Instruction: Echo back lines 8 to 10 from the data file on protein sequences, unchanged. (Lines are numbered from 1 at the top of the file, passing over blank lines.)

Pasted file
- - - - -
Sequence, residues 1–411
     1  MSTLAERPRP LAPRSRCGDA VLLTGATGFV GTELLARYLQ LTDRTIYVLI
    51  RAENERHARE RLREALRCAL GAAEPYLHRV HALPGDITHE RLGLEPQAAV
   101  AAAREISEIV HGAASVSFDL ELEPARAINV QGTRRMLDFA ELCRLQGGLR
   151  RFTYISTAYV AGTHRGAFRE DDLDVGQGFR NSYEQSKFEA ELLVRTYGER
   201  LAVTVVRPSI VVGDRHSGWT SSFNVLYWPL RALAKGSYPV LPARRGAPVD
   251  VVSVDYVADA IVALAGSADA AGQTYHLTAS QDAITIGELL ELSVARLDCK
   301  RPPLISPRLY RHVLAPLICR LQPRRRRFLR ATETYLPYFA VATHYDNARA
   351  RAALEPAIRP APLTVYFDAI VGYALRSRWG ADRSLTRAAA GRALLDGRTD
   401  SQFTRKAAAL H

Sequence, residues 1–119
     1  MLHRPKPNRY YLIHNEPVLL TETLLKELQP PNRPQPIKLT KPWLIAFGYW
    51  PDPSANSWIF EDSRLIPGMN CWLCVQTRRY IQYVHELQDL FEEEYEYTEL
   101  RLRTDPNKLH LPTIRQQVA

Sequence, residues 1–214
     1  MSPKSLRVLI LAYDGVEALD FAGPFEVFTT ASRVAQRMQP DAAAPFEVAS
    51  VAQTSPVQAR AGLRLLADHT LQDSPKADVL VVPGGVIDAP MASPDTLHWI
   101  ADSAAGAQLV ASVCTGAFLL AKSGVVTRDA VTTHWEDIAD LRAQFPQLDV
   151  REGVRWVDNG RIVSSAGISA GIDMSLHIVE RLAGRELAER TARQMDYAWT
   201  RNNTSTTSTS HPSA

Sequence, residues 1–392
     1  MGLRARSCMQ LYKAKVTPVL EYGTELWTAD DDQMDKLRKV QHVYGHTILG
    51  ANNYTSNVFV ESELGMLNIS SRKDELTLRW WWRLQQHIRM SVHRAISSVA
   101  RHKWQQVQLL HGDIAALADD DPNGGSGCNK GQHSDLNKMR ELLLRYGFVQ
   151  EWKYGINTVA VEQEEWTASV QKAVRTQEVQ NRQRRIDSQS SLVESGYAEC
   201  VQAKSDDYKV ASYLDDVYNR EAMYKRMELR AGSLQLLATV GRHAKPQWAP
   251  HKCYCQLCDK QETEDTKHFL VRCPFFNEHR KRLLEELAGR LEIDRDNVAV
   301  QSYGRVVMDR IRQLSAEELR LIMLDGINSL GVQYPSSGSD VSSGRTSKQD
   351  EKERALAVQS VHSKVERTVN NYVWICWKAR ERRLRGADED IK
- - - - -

   301  RPPLISPRLY RHVLAPLICR LQPRRRRFLR ATETYLPYFA VATHYDNARA
   351  RAALEPAIRP APLTVYFDAI VGYALRSRWG ADRSLTRAAA GRALLDGRTD
   401  SQFTRKAAAL H